Networks, Social Norms and Knowledge Sub-Networks

Carla C.J.M. Millar*, Chong-Ju Choi

*Corresponding author for this work

    Research output: Contribution to journalArticleAcademicpeer-review

    23 Citations (Scopus)
    3 Downloads (Pure)


    Networks and the World Wide Web seem to provide an answer to efficiently creating and disseminating knowledge resources. Knowledge, however, is ambiguous in character, and contains both explicit (information) and tacit dimensions – the latter being difficult to value as well as to transfer. Participant identity, commitment and behaviour within the network also affect the sharing of knowledge. Hence, existing laws and norms (including property rights) which have been established on the basis of discrete transactions and monetary value-oriented exchange may not be adequate to deal with the whole spectrum of knowledge transfer. A model is needed to address transfer across a large heterogeneous network. We introduce the concept of sub-networks where tacit knowledge resides and argue that considering social norms underlying trust and other informal mechanisms provides a more suitable basis for understanding the exchange of tacit knowledge. Norm establishment is complicated by the fact that values differ across cultures; however, the social norms that underpin sub-networks can sustain knowledge transfer within them. The purpose of this conceptual article is to introduce the concept of sub-networks and to identify the sub-network/network relationship as an area in which it is necessary to look beyond property rights and raise the issue of norms. We believe that an analysis of the role of social norms in knowledge sub-networks and their interaction with global networks points to a key element in understanding networks and any emerging theory of network ethics in the twenty-first century.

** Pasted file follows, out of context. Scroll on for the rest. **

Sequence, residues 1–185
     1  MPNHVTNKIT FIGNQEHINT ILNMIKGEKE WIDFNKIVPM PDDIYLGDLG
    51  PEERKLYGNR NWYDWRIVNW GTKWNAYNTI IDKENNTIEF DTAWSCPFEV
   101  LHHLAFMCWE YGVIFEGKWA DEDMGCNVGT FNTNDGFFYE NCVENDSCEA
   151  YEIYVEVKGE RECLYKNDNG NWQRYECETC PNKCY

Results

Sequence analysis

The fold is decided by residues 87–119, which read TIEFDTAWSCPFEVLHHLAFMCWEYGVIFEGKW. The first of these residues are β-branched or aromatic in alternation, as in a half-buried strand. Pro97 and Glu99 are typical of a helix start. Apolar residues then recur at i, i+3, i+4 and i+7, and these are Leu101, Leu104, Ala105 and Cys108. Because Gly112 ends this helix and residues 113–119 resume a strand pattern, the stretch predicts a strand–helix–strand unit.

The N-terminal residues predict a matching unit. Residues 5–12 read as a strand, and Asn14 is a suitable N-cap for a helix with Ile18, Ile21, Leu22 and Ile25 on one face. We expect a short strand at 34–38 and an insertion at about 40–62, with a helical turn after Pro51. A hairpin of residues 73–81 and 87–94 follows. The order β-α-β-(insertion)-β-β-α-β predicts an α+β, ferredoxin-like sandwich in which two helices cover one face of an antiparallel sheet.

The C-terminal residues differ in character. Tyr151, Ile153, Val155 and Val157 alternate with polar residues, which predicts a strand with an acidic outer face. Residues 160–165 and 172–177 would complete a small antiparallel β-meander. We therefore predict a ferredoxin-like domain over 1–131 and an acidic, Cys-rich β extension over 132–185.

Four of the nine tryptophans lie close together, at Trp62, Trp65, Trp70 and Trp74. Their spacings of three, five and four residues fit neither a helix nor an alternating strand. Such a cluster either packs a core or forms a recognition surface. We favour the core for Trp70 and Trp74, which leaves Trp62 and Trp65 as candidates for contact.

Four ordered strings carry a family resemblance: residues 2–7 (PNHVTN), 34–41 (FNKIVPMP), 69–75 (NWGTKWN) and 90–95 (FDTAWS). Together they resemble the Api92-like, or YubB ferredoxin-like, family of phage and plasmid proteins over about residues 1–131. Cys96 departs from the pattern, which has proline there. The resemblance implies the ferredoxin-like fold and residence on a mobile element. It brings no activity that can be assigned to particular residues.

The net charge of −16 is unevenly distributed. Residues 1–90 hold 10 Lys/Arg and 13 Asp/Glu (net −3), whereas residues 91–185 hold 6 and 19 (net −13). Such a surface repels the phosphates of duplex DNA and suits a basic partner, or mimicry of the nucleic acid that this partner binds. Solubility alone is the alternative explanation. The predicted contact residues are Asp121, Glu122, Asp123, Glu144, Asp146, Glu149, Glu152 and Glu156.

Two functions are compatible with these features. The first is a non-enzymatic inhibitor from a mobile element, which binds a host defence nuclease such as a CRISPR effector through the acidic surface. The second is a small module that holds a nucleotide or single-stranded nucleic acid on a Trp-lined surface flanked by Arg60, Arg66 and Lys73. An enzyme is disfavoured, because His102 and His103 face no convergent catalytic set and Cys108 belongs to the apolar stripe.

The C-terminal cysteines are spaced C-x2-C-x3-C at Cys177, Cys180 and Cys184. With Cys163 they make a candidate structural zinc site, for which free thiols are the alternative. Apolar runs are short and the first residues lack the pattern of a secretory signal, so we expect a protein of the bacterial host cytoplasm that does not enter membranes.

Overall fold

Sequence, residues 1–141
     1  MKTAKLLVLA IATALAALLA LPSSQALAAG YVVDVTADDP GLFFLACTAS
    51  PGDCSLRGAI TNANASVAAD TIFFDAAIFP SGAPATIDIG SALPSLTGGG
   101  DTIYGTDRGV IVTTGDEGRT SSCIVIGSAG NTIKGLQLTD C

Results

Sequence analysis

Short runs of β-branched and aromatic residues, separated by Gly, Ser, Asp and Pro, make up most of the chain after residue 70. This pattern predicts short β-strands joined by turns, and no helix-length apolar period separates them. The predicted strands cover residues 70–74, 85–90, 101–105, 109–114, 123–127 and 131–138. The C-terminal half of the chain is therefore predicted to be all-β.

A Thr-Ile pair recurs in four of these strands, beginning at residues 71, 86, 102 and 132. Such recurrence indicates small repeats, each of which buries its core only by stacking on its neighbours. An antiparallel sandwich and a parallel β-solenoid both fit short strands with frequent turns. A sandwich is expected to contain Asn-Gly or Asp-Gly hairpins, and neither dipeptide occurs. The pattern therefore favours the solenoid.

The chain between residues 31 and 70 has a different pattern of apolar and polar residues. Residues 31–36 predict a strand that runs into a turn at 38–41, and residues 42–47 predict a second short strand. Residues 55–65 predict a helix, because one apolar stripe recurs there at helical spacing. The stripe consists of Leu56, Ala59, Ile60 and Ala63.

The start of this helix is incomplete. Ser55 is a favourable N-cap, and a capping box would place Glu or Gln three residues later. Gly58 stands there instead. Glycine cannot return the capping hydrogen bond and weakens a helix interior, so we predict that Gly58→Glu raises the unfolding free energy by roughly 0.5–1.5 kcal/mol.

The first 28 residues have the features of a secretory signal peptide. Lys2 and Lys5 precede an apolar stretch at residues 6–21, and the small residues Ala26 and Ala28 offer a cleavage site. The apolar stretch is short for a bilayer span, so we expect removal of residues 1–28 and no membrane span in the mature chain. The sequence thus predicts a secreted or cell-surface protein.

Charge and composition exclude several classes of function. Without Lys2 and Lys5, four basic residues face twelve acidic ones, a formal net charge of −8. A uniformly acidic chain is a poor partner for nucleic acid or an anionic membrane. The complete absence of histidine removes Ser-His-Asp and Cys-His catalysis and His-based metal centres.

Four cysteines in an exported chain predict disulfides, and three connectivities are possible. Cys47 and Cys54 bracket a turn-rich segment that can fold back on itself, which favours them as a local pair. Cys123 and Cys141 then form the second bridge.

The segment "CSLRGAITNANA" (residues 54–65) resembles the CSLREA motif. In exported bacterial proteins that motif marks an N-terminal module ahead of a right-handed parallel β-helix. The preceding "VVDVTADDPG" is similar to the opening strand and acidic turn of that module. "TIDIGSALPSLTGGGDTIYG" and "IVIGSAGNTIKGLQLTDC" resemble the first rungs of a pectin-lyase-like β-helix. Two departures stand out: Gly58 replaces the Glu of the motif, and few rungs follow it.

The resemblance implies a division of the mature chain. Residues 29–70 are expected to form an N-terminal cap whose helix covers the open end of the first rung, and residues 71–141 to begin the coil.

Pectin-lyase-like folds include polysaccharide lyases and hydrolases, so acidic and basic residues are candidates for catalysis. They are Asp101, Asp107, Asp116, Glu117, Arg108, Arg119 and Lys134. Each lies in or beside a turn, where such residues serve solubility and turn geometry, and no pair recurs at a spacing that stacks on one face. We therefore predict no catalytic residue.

Original languageEnglish
    Pages (from-to)565-574
    JournalJournal of business ethics
    Issue number4
    Publication statusPublished - 2009


    Dive into the research topics of 'Networks, Social Norms and Knowledge Sub-Networks'. Together they form a unique fingerprint.

    Cite this